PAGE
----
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Top Songs of 1968 - The Summer of Despair
1968 started out so full of hope and promise in the United States, but by April 4th the downward spiral had begun. Robert F. Kennedy was running for President and Martin Luther King Jr. was at the height of his powers. After RFK announced he was running for President, LBJ dropped out of the race. It did not look like a shoo-in but there was a possibility RFK would be the next US president.
On April 4th, 1968, Martin Luther King Jr. was murdered. This sparked country-wide rioting; all but Indianapolis where RFK gave one of his greatest speeches. Then, just 2 months later RFK was murdered after winning the California primary. After Richard Nixon was elected in November of that year, many people who had been full of idealism just gave up.
But, it was not all bad.
There was still some amazing music
to try to help to help soothe people’s souls after so much violence and hopelessness. Some amazing music came out of that year and most of it is timeless.
Otis Redding - (Sittin' On) The Dock of the Bay
I think I remember this song more from the early 70s than from 1968. Otis Redding has such a great voice. This song brings back memories of the seaside and the summer.
This song was at the top of the Billboard charts on April 4, 1968, the day Martin Luther King was shot.
Simon and Garfunkel - Mrs Robinson
From the movie The Graduate starring Dustin Hoffman and Anne Bancroft, “You’re trying to seduce me Mrs. Robinson.” I liked Simon and Garfunkel’s fresh, folksy sound.
This song was at the top of the charts on June 6, the day RFK was shot.
The Doors - Hello, I Love You
Jim Morrison was definitely one of the great voices of the late 60s and an amazing performer. He was also a poet and a creative genius in my opinion.
The Four Tops – Don’t Walk Away Renee
I absolutely love the Four Tops; this is one of their greatest hits. It was originally recorded by the Left Banke in 1966. Levi Stubbs has an instantly recognizable voice.
Steppenwolf - Born to be Wild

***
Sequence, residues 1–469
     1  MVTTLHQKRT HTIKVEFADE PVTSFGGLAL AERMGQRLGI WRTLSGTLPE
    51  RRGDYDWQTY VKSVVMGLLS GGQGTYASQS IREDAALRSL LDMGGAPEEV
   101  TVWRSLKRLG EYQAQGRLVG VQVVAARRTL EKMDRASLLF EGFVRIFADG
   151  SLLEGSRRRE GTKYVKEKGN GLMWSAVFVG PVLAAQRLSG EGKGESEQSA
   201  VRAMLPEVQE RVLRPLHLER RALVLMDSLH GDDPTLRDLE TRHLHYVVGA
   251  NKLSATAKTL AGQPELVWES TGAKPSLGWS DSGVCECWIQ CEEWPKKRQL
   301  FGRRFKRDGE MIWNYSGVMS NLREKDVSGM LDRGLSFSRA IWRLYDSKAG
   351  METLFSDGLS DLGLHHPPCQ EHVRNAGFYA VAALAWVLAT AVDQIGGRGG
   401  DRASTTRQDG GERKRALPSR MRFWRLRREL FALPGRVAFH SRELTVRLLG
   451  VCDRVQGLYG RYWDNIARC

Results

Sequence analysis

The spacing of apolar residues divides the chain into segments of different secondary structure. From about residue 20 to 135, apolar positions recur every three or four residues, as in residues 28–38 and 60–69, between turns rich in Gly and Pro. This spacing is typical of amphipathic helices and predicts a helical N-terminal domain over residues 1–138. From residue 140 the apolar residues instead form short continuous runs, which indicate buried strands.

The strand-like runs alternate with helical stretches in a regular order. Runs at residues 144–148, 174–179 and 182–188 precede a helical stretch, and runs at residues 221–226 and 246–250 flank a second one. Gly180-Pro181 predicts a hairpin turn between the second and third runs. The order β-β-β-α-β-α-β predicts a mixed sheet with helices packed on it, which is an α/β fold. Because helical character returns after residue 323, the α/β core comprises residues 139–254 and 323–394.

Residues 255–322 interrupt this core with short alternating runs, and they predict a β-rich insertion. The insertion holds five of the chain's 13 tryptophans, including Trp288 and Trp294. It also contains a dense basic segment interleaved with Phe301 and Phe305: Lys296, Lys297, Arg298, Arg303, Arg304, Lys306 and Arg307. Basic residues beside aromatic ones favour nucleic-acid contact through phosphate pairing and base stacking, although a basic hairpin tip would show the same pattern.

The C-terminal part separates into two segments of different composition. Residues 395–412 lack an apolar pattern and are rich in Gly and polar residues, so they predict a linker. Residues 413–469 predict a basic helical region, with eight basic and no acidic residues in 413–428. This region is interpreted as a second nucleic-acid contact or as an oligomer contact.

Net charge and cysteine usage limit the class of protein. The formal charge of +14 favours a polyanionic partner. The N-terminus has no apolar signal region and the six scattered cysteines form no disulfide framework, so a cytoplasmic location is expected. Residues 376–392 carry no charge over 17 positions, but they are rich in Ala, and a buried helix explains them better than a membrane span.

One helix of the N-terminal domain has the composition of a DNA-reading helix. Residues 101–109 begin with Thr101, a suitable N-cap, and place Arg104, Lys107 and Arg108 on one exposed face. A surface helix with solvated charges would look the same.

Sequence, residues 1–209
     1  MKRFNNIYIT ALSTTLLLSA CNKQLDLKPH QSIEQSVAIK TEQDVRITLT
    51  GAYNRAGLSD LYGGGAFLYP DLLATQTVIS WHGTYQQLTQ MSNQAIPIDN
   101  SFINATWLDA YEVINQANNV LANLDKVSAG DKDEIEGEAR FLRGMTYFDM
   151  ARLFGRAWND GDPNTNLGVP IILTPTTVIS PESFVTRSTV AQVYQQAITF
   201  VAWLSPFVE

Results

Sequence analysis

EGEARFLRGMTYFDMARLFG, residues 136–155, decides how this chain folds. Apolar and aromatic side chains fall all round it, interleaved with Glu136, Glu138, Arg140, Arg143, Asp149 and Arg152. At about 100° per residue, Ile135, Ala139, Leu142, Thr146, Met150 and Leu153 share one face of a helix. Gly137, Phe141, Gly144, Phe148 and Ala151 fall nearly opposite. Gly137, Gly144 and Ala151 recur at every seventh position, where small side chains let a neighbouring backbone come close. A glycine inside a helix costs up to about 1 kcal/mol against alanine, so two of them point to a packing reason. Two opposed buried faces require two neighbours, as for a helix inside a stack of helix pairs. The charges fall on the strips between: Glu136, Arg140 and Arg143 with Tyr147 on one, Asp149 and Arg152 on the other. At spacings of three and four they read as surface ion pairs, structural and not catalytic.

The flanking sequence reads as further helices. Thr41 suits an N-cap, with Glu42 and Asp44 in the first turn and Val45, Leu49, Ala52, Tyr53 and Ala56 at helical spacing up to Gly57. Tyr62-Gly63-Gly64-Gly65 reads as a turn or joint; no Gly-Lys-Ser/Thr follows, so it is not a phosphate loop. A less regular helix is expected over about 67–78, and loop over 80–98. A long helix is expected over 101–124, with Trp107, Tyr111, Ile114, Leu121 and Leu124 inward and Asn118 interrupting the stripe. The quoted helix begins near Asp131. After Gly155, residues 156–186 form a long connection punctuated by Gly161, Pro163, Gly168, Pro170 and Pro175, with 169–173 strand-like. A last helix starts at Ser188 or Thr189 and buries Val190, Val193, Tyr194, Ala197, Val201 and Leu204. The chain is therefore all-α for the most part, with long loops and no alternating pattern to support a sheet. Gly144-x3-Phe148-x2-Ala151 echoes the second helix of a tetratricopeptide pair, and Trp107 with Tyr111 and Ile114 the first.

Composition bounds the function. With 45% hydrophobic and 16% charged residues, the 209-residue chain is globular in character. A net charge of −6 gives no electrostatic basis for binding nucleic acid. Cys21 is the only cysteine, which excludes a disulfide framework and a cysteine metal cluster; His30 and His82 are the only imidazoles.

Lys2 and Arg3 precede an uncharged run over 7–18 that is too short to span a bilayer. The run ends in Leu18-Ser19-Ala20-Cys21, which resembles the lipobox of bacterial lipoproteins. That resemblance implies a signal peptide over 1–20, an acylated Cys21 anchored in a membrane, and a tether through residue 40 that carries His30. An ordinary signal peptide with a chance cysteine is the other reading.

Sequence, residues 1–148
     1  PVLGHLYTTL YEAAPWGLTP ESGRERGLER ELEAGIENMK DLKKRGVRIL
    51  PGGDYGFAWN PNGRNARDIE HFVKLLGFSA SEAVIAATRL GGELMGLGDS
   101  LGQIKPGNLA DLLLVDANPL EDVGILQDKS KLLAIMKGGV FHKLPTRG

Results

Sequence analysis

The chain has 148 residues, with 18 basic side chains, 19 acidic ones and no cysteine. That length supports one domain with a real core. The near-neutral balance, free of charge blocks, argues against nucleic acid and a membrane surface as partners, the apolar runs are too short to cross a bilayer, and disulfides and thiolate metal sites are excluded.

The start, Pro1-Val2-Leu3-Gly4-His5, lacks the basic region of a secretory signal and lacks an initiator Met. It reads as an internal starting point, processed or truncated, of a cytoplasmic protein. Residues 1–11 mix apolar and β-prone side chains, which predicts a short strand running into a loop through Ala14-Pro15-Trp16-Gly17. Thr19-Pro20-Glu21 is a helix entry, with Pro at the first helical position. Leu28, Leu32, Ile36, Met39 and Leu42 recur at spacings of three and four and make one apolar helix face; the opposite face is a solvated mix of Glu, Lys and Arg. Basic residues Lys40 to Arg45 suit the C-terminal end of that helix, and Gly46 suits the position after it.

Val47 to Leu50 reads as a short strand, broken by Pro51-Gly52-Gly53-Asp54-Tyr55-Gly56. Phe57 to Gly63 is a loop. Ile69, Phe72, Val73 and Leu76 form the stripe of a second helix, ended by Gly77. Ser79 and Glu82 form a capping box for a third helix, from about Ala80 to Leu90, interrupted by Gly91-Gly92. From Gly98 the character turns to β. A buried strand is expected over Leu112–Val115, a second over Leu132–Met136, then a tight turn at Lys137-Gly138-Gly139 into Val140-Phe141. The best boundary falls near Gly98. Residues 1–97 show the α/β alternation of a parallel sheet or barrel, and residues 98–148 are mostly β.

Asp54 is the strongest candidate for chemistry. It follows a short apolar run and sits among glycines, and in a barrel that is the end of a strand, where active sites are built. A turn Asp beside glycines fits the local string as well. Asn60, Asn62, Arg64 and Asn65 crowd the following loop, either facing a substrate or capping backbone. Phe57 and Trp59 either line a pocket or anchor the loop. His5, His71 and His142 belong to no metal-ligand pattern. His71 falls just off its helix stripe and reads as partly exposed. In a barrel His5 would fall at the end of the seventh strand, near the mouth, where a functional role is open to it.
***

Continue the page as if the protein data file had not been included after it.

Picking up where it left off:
I saw the film Easy Rider in 1970 at a retrospective theatre in Toronto. Of course I had heard the song before that. It is a classic song...by a great Canadian band. It got a lot of airplay in Canada in 1969, the year my family and I moved to Canada.
Status Quo - Pictures of Matchstick Men
I had to include some psychedelic music. This is long time favorite song of mine. It is so English and Status Quo were one of the most popular bands of the time.
Gary Puckett and the Union Gap - Young Girl
Even as a kid I loved this guy’s voice, it was so powerful. The songs were great too. I remember listening to this single on a little portable record player of my older sister’s.
Creedence Clearwater Revival - Susie Q
I didn’t really get into CCR until the early 70s, and then I got into them in a big way. My brother-in-law had left some of his albums at our house and I spent hours listing to them; he had maybe 3 CCR albums. Great stuff and it stands the test of time.
Aretha Franklin - Think
Aretha has one of the all time greatest voices in popular music. I can’t think of any song of hers that I don’t like.
The Turtles - Elenore
Another happy, shiny Turtles song; I featured Happy Together in my Songs of 1967 article. I hadn’t heard this song in a few years but I remembered all the lyrics.
The Beatles - Hey Jude
This is a classic Beatles tune. I have been a Beatles fan since I was 6 or 7. My friends and I used to play Beatles. I was Paul and played my tennis racket with my left hand. I remember at one of my birthday parties The Beatles showed up on television, everyone ran from the table before we even had cake to see them.